"In a Democratic-led commission, I expect greater focus on collecting and analyzing data from private markets," said Brownstein Hyatt Farber Schreck LLP shareholder Katelynn Bradley, a former counsel to Democrats on the U.S. House Committee on Financial Services.
Bradley added that a Democratic SEC may be less likely to cheer efforts to let 401(k) plans invest in private equity, as recently proposed by the U.S. Department of Labor. The SEC's Clayton endorsed the idea, saying it would add choices for investors so that their retirement plans could better match professionally managed pensions, which can invest in private equity. Bradley said a Democratic Labor Department would likely perform its own analysis before advancing the idea.
Expect Another Look at Regulation Best Interest
Among the more contentious issues the Clayton-led SEC has tackled in recent years was Regulation Best Interest, which raised standards on brokers who sell advice to retail investors.
Regulation Best Interest requires brokers to disclose conflicts of interest and eliminate certain compensation incentives in an effort to better align brokers' interests with their clients. The prior standard required that brokers' advice simply be considered "suitable" for their clients.
The SEC stopped short of imposing a higher "fiduciary" standard on brokers that applies to registered investment advisers, which some investor groups wanted but that Wall Street groups opposed. Under a fiduciary standard, advisers place their clients' interests ahead of their own.
The June 2019 action passed by a 3-1 vote — the commission had a vacancy at that point — drawing sharp dissent from then-SEC Commissioner Robert Jackson, a Democrat whose term ended in February. Along with some investor advocates, Jackson said the regulation was ambiguous and failed to precisely define the term "best interest."
The battle has also resulted in litigation. Earlier this year, the SEC prevailed in court when a Second Circuit panel rejected complaints filed by eight state attorneys general that the regulation did not do enough to protect to investors. The regulation took effect on June 30.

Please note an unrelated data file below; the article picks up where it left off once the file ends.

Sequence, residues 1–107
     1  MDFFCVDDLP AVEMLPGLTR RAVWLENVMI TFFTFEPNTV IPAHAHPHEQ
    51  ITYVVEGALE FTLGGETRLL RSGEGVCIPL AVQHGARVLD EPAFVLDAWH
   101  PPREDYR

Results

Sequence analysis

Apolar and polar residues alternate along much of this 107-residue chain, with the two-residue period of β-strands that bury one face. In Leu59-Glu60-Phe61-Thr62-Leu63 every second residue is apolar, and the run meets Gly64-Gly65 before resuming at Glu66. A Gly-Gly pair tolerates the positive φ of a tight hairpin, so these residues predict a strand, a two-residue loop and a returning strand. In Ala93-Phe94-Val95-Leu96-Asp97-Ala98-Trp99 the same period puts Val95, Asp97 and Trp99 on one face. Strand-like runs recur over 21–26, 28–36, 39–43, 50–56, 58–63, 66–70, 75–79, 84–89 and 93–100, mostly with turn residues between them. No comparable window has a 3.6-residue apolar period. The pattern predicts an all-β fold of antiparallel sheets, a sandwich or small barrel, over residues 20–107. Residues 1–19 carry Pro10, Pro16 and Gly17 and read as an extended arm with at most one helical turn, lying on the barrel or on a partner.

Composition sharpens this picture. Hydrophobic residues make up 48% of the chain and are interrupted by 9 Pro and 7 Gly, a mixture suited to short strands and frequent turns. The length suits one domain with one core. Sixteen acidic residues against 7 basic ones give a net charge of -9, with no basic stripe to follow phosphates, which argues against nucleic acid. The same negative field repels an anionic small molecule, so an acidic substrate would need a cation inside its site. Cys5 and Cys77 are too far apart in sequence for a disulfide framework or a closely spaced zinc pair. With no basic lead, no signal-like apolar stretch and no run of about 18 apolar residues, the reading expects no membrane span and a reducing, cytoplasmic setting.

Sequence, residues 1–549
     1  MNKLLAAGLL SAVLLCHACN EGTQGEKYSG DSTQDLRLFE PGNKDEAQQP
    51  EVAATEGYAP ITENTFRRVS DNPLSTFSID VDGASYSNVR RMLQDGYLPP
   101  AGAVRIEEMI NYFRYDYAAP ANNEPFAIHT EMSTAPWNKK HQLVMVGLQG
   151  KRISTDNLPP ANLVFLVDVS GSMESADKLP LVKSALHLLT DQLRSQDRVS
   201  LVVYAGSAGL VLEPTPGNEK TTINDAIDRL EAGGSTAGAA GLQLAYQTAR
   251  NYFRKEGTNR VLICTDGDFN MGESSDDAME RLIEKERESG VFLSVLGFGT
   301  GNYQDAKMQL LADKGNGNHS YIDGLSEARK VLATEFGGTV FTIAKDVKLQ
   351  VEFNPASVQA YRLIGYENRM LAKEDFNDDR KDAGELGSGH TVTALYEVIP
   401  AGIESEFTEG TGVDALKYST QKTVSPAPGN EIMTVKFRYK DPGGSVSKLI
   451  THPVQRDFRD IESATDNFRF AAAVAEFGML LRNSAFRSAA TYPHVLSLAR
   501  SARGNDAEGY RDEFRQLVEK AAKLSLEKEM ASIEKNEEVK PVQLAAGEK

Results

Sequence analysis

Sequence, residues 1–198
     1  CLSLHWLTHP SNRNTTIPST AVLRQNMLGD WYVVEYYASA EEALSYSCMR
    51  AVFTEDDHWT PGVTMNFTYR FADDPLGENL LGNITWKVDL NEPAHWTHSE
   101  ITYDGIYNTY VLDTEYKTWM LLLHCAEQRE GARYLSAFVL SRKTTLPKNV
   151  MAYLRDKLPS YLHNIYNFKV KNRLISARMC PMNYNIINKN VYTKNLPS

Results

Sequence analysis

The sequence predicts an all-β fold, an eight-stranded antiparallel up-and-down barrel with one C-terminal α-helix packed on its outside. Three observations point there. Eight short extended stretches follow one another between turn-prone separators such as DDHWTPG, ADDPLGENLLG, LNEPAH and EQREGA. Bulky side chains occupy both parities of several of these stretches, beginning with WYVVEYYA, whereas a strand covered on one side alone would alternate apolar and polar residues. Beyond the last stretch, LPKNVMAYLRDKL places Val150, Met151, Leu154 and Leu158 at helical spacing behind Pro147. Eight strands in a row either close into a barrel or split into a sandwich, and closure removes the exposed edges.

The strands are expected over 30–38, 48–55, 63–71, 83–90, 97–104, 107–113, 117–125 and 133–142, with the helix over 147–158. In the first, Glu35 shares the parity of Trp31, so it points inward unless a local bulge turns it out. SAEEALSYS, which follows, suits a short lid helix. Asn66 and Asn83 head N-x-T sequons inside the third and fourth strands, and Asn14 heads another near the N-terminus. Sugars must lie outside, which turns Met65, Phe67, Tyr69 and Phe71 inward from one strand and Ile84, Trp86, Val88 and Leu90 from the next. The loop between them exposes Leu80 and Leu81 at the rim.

John Coffee, a professor of law and director of the Center on Corporate Governance at Columbia Law School, said Democrats could revisit this matter if they gain power.
"It was a very weak compromise," Coffee said of the Regulation Best Interest. "Democrats could seek to make brokers recognize a fiduciary duty to their clients."
More Scrutiny of Dual-Class Shares
More companies are going public nowadays through dual-class or multiclass structures, meaning founders retain increased voting power compared with common shares sold to the public.
The idea behind dual-class shares is to provide company leadership the ability to stick to a long-term vision without being swayed by short-term investors demanding quarterly results. Most dual-class structures grant founders a 10-1 voting advantage compared with common shareholders, although some advantages are larger than that or are more complex.
Investor advocates worry that such disparities enable bad corporate governance by insulating executives from accountability to shareholders. When Jackson served on the SEC, he described dual-class shares as a form of "corporate royalty" and called for a compromise that would allow such advantages to expire through a sunset clause after a certain number of years.
SEC Investor Advocate Rick Fleming has also urged the agency to rein in dual-class shares, calling it a "festering wound" on public markets. Fleming's statements came in October 2019, shortly after WeWork's aborted initial public offering. The co-working giant dropped its plans to go public after a backlash from investors for many reasons, including criticism over its corporate governance setup. WeWork initially sought to grant then-CEO Adam Neumann a 20-1 voting advantage.
The current SEC has stayed clear of interfering with companies' voting arrangements on the premise that investors can decide whether to invest in a given company as long as such structures are disclosed. In addition, many issuers that use dual-class structures are fast-growing technology companies, which are often among the most popular IPOs.
While dual-class structures appear unlikely to be eliminated altogether, a middle ground is not out of the question.
Pinedo said a Democratic SEC could require more specific disclosures so that investors better understand the different arrangements. Coffee added that dual-class shares also help provide company management with a defense against takeovers, noting that Democrats are often dubious of takeovers.
"The best hope here might be a sunset provision," Coffee said.
--Editing by Rebecca Flanagan and Jill Coffey.